Today, January first, in the Orthodox Church, we celebrate a double feast. Being the eighth day of Christmas, that is the eighth day after Christ's birth, Jesus was named and circumcised according to the Law of Moses. For our salvation, God became fully human, and subjected himself to all that entails. As a human, he received a name, Jesus, which means "Savior."
As God, he gave the Jews the Law, and as a man, he shows us how to faithfully follow his commandments. Being born a Jew, he followed the Law; as the Messiah, he fulfilled the Law. Circumcision was the initiation rite into Judaism; Christ fulfilled it and gave us Holy Baptism for us to be initiated into our life in Christ. Under the Law, only men were circumcised; in Christ all can be baptized equally, as their is "no male or female." Just as the Jews circumcised infants born to Jewish parents, bringing them into the Jewish faith, so traditional Christians baptize their infant children to bring them into faith and discipleship at a young age so they can follow Christ their entire life.
The second commemoration on January first is Saint Basil the Great. Saint Basil was a great bishop, liturgist, teacher, ascetic, and theologian. Saint Basil came from a family of saints. He was born (330) to godly parents, whose parents suffered persecution and martyrdom under Emperor Diocletian. His mother, Saint Emilia and his father, Basil, had ten children, five of whom are formally canonized saints.
Saint Basil the Great, acrylic and gold leaf on panel, 11x15" private commission.
He studied philosophy and rhetoric in Athens, becoming friends with St. Gregory the Theologian. He undertook an ascetic pilgrimage to Syria, Palestine, and Egypt. Inspired by the holy monks, he returned to Cappadocia, lived a very austere life, founded a monastery, and was ordained a priest.
He compiled the Liturgy, now known as the Liturgy of St. Basil, which we still celebrate ten times a year. He preached twice every day, and wrote many theological books, perhaps the most famous is the Hexamaeron, or “on the six days of creation.” In 370 was appointed as bishop of Caesarea in Cappadocia. He was a great pastor of the church. He gave his personal inheritance to the poor and did much to help the poor in his diocese, especially by building homes for the homeless and destitute. He was persecuted by the emperors who supported heretical factions that denied the divinity of Christ. His body was exhausted by his strict ascetism as well as the stress of being a pastor, he reposed in the Lord on January 1, 379 at the age of 49. (source: oca.org)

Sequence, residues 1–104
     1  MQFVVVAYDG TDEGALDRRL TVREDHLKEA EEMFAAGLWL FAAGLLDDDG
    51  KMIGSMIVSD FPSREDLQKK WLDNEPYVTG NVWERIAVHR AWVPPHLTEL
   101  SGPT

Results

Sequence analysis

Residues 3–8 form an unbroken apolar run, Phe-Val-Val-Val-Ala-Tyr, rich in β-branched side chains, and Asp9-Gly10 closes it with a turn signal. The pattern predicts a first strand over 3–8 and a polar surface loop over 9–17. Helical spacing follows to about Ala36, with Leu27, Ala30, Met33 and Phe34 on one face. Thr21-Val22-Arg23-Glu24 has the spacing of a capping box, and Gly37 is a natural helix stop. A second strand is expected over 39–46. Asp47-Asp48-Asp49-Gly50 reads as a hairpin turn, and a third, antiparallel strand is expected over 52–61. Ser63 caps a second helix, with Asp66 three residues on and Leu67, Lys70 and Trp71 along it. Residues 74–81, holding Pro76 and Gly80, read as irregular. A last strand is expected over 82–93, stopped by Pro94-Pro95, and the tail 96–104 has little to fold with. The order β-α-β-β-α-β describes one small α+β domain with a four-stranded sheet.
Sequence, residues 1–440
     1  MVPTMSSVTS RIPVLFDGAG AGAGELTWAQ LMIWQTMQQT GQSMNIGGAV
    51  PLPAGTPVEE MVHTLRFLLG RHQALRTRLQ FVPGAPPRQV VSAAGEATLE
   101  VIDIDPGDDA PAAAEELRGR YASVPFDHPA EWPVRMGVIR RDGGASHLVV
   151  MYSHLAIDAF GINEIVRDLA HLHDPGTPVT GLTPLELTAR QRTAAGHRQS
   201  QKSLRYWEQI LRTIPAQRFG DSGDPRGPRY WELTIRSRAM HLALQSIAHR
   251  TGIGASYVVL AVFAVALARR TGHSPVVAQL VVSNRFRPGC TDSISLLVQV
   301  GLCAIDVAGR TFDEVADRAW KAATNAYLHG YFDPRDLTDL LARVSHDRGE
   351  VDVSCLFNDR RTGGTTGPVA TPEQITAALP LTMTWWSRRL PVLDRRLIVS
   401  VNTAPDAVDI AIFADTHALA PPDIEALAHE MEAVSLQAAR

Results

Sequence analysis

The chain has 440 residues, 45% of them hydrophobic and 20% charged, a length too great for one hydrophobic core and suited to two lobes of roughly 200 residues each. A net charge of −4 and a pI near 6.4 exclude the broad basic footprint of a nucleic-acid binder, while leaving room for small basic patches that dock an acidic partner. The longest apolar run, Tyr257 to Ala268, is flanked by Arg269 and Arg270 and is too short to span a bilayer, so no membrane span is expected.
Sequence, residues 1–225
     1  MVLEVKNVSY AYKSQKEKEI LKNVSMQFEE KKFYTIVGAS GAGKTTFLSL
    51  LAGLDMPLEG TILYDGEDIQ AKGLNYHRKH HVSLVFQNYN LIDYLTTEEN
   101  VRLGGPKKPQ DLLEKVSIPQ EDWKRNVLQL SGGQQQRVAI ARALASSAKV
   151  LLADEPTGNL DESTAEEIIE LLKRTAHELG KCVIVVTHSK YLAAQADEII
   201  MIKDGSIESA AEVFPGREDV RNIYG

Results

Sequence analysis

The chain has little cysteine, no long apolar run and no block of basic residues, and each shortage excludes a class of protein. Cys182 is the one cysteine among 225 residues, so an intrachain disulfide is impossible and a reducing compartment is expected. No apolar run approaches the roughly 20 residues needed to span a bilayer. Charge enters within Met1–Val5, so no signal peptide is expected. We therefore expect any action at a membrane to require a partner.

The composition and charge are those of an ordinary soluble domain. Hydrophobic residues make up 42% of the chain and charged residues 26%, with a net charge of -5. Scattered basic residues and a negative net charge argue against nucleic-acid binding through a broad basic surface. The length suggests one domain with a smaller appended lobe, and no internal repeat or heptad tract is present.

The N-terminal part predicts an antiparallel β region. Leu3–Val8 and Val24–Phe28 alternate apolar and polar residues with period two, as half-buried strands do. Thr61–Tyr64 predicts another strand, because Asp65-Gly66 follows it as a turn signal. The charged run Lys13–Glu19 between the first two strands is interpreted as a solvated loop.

One of my favorite passages of his writing is the following commentary on Psalm 1:
Any part of the Scriptures you like to choose is inspired by God. The Holy Spirit composed the Scriptures so that in them, as in a pharmacy open to all souls, we might each of us be able to find the medicine suited to our own particular illness.Thus, the teaching of the Prophets is one thing, and that of the Historical books is another. And, again, the Law has one meaning, and the advice we read in the Book of Proverbs has a different one.But the Book of Psalms contains everything useful that the others have. It predicts the future, it recalls the past, it gives directions for living, it suggests the right behavior to adopt. It is, in short, a jewel case in which have been collected all the valid teachings in such a way that individuals find remedies just right for their cases.It heals the old wounds of the soul and gives relief to recent ones. It cures the illnesses and preserves the health of the soul.Every Psalm brings peace, soothes the internal conflicts, calms the rough waves of evil thoughts, dissolves anger, corrects and moderates profligacy.Every Psalm preserves friendship and reconciles those who are separated. Who could actually regard as an enemy the person beside whom they have raised a song to the one God?Every Psalm anticipates the anguish of the night and gives rest after the efforts of the day. It is safety for babes, beauty for the young, comfort for the aged, adornment for women.Every Psalm is the voice of the Church.
Translation by Thomas Spidlik, Drinking from the Hidden Fountain: A Patristic Breviary, Cistercian Publications, Kalamazoo, MI – Spencer, MA, 1994.